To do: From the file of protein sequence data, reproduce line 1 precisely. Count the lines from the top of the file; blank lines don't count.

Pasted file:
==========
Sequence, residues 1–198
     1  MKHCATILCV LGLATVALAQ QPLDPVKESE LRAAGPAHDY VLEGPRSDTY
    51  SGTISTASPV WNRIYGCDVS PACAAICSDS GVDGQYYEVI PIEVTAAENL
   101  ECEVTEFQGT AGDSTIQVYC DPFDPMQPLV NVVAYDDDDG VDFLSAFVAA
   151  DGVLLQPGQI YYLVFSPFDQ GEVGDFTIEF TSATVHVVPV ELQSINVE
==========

Sequence, residues 1–198